Christian H.: Absolutely. I can certainly say with 100% accuracy that I didn’t grow up at school wanting to be on my hands and knees scrubbing toilet floors for a living. So yeah, that’s for sure.
Anthony Wilson: I must say at this point too, Christian, that I did spend a lot of my life, working life at least, in Australia’s largest retailer, Woolworths. One of my responsibilities at one point was the management of the public liability claims. So slips, trips and falls is a subject very dear to my heart. So I applaud your efforts in this space. Because as you say, there’s certainly a big demand out there for solutions to this challenge.
Christian H.: So that’s interesting. What did you feel… because I’ve been to some of their stores, I visited Australia a few years ago when my eldest son was about nine months old, and my wife was on maternity leave.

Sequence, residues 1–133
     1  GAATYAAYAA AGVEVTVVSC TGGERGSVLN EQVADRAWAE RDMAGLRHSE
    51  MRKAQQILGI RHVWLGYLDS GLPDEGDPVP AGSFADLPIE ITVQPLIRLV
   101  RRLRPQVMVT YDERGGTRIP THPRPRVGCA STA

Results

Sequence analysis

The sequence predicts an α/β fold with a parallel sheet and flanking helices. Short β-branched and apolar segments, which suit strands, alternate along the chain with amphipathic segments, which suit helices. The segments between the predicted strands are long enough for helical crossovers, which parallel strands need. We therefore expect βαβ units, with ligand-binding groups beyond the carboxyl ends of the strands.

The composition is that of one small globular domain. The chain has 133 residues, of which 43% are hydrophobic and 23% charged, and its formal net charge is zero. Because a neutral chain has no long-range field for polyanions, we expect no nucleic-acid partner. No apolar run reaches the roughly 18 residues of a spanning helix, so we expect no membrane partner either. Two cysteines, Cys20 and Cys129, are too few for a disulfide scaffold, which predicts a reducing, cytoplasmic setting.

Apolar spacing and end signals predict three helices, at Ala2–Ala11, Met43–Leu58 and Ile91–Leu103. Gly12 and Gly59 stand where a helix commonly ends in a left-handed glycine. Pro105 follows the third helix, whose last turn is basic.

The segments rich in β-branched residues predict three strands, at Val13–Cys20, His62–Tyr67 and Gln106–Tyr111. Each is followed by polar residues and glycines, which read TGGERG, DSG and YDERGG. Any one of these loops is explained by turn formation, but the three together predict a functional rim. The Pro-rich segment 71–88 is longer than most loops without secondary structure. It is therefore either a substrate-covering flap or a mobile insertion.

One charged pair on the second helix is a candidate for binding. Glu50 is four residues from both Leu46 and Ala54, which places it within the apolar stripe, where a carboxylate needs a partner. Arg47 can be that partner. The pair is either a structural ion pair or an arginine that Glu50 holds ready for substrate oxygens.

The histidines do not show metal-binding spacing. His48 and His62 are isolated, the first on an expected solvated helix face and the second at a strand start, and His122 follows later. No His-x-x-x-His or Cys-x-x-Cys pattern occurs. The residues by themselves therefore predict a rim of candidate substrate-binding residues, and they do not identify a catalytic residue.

Christian H.: We did about a month touring around some of the sites and visited some stores there. They’re very similar to supermarkets in other countries as well. What did you feel were your key factors that drove accidents or claims in the stores?
Anthony Wilson: Yeah. I think, well, probably the biggest problem was just lack of awareness of staff in a lot of cases and management of those stores, just to be aware of the problem.
Anthony Wilson: That’s not critical of them per se, because there’s always budget restrictions and hours that are a challenge. But I think there was a real awareness challenge in making people aware of just how easy it is for that situation to develop where someone could slip and be seriously hurt.